It was a strange sound on a quiet, drizzly day at the Back Bay Fens — the growl of a chainsaw buzzing from the depths of the sleepy community garden.
Norm Helie, a plant and soil scientist, thought to investigate. He came upon two men, without city uniforms, standing over a chunk of wood they said came from Jamaica Plain. His eyes landed on the specimen: a beautiful knot of ornately patterned red oak. Fishy, he thought. He walked away, then called 911.
“I’m not a confrontational person,” Helie said. “Especially when somebody has a chainsaw.”
Police later arrested a man in connection with a string of mysterious tree burl thefts that have plagued the Boston area for months.
Michael Scanlan, 44, was charged Wednesday with willful and malicious destruction of property. He was seen by a witness shaving scrap pieces off the burl in the park, then leaving with the chainsaw and entering an apartment building across the street, at 15 Park Drive. Police searched the building, found Scanlan’s door, and asked to speak with him.
Scanlan admitted he had used a chainsaw to cut off bits of the wood in the Fens, but said the original slab had been dropped off by a friend, according to police. He told police he could not remember his friend’s name.
Police have not yet found the tree from which the burl was removed.
Scanlan is scheduled to be arraigned Thursday morning in Roxbury District Court. The other man with Scanlan in the garden was arrested on unrelated drug possession charges, according to a Boston police spokesman, David Estrada.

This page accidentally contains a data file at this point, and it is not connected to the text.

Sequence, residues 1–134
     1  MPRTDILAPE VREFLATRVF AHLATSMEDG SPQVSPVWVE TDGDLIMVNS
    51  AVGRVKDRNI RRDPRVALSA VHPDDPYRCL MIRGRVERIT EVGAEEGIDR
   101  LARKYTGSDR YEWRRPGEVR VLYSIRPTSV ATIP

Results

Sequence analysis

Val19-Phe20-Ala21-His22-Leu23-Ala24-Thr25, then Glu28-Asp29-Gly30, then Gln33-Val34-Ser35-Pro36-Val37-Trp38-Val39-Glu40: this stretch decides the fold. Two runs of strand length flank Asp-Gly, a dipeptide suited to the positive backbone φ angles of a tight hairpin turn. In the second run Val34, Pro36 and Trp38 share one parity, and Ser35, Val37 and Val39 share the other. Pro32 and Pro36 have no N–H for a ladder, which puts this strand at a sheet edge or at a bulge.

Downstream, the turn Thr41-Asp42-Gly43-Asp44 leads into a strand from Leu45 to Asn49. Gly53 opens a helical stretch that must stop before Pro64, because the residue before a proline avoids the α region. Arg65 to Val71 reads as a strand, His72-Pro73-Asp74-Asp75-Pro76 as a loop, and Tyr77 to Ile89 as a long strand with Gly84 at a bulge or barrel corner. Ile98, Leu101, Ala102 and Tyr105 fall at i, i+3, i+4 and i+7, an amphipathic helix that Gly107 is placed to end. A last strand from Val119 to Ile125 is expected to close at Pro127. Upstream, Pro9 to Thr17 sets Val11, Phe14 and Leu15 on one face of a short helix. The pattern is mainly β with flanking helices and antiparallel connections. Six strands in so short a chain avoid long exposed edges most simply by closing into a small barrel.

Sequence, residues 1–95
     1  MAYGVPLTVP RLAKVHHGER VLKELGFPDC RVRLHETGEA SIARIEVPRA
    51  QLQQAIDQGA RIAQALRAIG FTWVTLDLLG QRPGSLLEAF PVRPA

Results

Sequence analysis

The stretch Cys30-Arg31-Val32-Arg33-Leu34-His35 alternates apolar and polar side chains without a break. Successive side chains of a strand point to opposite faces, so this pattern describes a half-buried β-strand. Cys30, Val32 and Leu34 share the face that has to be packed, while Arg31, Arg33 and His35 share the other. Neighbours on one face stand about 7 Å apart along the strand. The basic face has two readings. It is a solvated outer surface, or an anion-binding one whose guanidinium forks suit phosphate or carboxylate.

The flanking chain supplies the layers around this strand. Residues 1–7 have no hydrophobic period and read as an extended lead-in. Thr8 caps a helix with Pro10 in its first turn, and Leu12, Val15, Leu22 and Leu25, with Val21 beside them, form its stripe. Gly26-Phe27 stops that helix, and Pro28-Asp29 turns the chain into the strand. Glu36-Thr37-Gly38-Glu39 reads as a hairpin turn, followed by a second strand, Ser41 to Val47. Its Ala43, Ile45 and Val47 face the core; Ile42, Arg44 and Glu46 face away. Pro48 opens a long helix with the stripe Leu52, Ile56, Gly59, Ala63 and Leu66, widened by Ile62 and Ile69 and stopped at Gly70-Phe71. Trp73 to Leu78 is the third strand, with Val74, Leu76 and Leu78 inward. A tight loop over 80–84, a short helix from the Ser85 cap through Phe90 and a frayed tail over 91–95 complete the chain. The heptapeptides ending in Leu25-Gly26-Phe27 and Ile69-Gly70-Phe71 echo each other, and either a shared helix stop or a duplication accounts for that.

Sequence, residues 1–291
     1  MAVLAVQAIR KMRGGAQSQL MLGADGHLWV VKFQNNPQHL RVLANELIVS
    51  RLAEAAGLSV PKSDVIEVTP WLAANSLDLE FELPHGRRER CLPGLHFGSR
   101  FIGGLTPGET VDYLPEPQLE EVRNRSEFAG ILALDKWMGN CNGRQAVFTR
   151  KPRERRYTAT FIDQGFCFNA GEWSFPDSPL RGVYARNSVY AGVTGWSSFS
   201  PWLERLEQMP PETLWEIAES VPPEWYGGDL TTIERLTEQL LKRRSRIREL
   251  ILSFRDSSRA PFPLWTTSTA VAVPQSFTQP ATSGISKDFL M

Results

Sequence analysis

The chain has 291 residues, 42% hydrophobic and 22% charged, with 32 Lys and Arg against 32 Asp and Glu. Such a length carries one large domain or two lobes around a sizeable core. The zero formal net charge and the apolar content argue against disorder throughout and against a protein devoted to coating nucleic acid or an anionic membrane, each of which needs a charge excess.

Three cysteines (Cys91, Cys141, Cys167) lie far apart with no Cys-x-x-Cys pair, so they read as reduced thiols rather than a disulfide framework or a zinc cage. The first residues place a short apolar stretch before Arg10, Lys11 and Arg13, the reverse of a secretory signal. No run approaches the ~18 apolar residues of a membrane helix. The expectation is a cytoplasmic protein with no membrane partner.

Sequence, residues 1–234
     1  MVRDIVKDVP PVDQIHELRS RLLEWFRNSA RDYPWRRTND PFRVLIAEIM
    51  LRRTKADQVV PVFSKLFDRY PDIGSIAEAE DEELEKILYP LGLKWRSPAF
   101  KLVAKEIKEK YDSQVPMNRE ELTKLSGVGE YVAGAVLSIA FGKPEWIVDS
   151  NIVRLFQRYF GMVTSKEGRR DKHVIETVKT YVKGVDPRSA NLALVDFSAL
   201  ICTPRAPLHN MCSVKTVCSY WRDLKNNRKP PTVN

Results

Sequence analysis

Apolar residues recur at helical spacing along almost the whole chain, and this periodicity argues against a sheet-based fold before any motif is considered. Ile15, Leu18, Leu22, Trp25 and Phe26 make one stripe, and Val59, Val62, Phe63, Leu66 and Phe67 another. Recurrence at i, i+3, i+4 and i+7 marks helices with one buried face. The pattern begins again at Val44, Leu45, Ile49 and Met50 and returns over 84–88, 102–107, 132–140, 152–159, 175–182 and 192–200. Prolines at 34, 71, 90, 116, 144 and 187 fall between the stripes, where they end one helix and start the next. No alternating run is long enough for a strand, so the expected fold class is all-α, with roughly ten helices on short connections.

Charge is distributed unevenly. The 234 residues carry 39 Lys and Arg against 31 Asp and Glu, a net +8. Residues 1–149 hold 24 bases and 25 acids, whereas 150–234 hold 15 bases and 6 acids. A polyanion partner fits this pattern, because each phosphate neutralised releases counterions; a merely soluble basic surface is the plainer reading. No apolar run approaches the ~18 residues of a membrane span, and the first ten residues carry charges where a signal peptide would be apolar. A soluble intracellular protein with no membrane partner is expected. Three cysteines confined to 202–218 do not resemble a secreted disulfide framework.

Tree burls are deformations on the surface of a tree trunk, gnarled and ornate knots that can fetch $50 to $500 per piece from woodworkers who turn them into ornate bowls, artwork, or furniture pieces.
Last spring, the city’s arborist, Greg Mosman, noticed that burls had been sliced from trees in Franklin Park, Symphony Park, Evans Way Park, and Rambler Park. The vandals were undiscriminating in their attacks — oaks, lindens, hemlocks were targeted, at least a dozen in total.
Cutting off a sizeable chunk can be detrimental to the tree, Mosman said. Although the raw wood will seal over, the wood beneath the seal will rot, eventually killing the tree.
“It’s not like it’s going to die today or tomorrow,” Mosman said. “It’s going to take years.”
Mosman said it has been a real change for the arborist more accustomed to fielding complaints about routine branch prunings and tree removals than clandestine black-market amputations.
When he received the call that a potential burl burglar had been apprehended, he wondered whether the sighting was real.
“I go flying out of the office, then I thought, are the guys playing a joke on me?” Mosman said.
Helie specializes in plant diseases and was hired by the Friends of the Fenway Victory Gardens to help maintain plant health.
Mosman told him weeks ago about the burl thefts. At 9 a.m. Wednesday, as he was on a routine assignment checking tree trunks for elm bark beetles, he heard the revving of the chainsaw and immediately thought of the burl theft mystery.
“I’m usually catching diseases and insects on trees, not people,” Helie said.
Left behind at the park was a pile of sawdust and rotted wood that Helie believed had been cut away from the valuable knot of wood.
“This doesn’t do it justice, because it’s all dissected,” Helie said, gazing at the discarded wood.
Burls fascinate more than just tree enthusiasts like him, he insisted. People who do not know the first thing about tree biology find the delicate patterns and swollen, coiled exterior mesmerizing.
“It’s not just me,” he said. “There’s a beauty to it that I think should remain a part of the parks — shouldn’t be taken away by people who think it’s their own.”
Police took the burls found in Scanlan’s apartment into custody. Brookline police were called to help compare the detained burls with the two Brookline trees that had been vandalized, but they found no matches, Brookline police Lieutenant Philip Harrington said.